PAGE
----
ZIMBABWE — Once barren land, the Buwerimwe Secondary School in Marange, Zimbabwe is now colored with 2,000 trees planted and counting. By 2027, there will be 5,000 trees thanks to the Buwerimwe Secondary School Reforestation Project. These trees will help reduce soil erosion and promote biodiversity in a place degraded by mining operations.
The Importance of Soil
Soil is home to all kinds of life, such as bacteria, fungi and insects. These organisms are essential for nutrients so that plants can grow healthy and strong, and they are really only present in a thin layer of soil called topsoil. The plants, in turn, are responsible for keeping the soil compact with their extensive roots.
That is why deforestation is an issue for soil health. With deforestation, the nutrient-rich topsoil is pushed away into nearby rivers or streams when it rains or the wind blows. It can no longer provide nutrients for agricultural crops. Additionally, the soil in streams can accumulate as sediment and cause flooding in the surrounding area. Floodwater has even disrupted classes for children at the Buwerimwe Secondary School.
The Soil in Marange, Zimbabwe
The Reforestation project started in 2017. Before, the school property lacked enough trees to hold the soil together. Consequently, rainfall would erode the soil, carving deep gullies and bringing sediment into the nearby streams. This process strips the land of its nutrients and simultaneously strangles waterways.
Healthy waterways are especially important because the area is already degraded by the Marange Diamond Mine, which routinely releases toxic waste into the Save River. This, in combination with soil erosion from the village itself, makes life very difficult for people and livestock alike in Marange.
Buwerimwe Secondary School Forest Reforestation Project
Environmental Buddies Zimbabwe Trust (EBZ) is the organization responsible for leading this project. It partnered with the school and several governmental organizations from both Zimbabwe and the United States to accomplish its goals. Shamiso Mupara, a local activist in Zimbabwe, started EBZ with her brother. Together, they hope to reforest villages in Zimbabwe that have been impacted by desertification, which is the process of fertile land turning into the desert because of deforestation, agriculture or climate change.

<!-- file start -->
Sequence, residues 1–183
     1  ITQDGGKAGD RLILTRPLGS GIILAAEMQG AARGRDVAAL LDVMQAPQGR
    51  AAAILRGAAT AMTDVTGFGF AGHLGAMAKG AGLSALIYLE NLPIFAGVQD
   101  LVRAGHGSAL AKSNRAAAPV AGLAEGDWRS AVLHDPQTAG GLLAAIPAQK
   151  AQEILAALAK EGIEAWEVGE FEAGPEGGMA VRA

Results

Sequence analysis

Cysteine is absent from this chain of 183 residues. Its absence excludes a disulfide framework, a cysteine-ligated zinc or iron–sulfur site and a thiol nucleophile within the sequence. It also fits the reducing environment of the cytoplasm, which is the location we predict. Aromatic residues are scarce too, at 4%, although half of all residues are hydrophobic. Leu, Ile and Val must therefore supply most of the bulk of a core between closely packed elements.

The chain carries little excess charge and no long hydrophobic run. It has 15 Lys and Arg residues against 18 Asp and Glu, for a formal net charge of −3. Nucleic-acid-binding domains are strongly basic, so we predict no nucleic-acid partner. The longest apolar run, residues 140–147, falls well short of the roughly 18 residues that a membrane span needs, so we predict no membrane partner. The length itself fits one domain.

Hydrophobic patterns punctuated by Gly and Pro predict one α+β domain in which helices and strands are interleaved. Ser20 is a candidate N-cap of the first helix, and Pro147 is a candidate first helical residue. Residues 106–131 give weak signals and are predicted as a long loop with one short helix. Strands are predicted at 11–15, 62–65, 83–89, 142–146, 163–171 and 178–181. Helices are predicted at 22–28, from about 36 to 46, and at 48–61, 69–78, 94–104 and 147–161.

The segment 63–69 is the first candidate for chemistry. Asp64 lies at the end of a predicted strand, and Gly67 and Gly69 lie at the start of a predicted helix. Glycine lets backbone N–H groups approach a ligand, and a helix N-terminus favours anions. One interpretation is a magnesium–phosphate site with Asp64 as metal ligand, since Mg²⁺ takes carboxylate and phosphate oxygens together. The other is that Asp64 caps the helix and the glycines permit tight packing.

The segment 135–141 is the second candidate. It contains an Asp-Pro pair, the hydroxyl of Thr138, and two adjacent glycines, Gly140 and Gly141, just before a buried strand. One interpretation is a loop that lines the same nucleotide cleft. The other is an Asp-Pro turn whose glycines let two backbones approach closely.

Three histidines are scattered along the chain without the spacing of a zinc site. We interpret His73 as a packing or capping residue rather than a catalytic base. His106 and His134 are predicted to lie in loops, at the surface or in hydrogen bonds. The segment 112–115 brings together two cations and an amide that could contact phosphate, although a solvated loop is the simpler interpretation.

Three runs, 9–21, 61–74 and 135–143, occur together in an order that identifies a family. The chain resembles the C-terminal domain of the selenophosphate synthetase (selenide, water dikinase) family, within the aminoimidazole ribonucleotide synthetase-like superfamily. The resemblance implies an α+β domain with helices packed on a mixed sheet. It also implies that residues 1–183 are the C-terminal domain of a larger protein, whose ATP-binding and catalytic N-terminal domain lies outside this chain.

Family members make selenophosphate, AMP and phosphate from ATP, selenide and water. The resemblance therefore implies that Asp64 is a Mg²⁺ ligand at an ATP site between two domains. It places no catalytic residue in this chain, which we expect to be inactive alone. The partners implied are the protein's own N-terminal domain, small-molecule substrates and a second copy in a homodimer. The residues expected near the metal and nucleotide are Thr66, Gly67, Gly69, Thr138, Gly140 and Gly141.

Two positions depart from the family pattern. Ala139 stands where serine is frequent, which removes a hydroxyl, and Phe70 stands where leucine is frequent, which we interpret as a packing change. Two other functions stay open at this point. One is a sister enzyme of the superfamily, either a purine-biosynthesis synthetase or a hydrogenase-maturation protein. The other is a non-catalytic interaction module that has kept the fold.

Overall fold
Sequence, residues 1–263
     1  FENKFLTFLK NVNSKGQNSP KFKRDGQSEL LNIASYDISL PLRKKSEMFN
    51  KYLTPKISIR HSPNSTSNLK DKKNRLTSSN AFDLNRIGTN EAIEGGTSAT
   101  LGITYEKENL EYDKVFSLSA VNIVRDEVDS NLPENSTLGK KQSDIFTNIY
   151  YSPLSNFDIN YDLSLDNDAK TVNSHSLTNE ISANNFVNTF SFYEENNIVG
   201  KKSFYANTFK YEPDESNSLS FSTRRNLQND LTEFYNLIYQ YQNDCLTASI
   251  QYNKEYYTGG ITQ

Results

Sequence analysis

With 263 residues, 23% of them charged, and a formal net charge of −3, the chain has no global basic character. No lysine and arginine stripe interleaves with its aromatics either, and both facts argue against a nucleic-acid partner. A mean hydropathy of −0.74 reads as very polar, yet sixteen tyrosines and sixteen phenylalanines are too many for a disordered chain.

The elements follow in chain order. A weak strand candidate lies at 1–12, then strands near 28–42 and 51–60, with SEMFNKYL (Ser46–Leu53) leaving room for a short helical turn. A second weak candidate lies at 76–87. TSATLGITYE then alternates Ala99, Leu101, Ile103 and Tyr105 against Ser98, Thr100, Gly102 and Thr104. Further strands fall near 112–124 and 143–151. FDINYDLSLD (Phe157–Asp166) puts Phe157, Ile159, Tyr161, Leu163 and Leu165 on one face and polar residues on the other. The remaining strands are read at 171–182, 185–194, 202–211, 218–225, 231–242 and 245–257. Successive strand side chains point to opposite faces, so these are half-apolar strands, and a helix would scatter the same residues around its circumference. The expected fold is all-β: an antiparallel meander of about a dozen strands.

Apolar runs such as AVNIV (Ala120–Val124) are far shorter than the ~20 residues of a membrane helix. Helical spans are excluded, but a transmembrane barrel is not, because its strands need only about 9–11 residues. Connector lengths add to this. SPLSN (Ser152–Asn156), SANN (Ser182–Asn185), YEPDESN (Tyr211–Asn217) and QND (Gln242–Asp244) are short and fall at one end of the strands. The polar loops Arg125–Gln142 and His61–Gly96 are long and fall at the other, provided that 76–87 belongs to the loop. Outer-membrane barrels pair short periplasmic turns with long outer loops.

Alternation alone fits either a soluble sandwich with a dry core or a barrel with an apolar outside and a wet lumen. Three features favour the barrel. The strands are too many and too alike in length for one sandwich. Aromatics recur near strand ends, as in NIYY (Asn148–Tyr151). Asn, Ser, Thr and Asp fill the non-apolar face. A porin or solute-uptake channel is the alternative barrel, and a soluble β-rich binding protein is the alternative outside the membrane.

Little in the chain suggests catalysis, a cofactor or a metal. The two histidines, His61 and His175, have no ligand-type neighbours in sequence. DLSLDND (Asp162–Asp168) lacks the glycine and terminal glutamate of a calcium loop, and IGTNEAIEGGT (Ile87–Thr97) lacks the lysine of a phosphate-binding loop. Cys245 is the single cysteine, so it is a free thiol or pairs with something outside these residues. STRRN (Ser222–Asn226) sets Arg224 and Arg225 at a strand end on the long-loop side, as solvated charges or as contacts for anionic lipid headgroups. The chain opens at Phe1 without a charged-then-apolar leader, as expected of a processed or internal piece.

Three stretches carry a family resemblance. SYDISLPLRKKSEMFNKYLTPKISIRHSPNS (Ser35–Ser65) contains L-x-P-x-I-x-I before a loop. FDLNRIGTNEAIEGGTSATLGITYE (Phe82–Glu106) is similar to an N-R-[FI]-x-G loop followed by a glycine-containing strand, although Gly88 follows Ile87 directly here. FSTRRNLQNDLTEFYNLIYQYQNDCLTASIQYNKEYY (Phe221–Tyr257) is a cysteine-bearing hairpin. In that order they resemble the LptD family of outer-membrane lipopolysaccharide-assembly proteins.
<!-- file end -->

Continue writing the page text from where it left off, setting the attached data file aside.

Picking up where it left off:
The story of EBZ’s success presented a compelling way for the United States to get involved in global poverty. Both the USDA and the American nonprofit Global Greengrants Fund financially supported EBZ for this project. However, instead of sending Americans to Zimbabwe, they empowered local existing activists who have detailed knowledge of the political and environmental landscape.
Recovering the Soil in Zimbabwe
Zimbabwe is losing its tree cover quickly, with a 15% decrease from 2001 to 2019. Fortunately, the project helped plant 2,000 trees that have already slowed down soil erosion. Thanks to the project, there are now 50 indigenous species planted in the area. The students and staff of the Buwerimwe Secondary School maintain and care for the trees. Furthermore, it has created employment for those working in the nursery.
Although the area still suffers from degraded water and soil, this is a hopeful step in the right direction for the people of Marange. Projects like the Buwerimwe Secondary School Reforestation Project can provide food for the community, slow soil erosion and maintain the health of the surrounding ecosystems.
– Christopher Bresnahan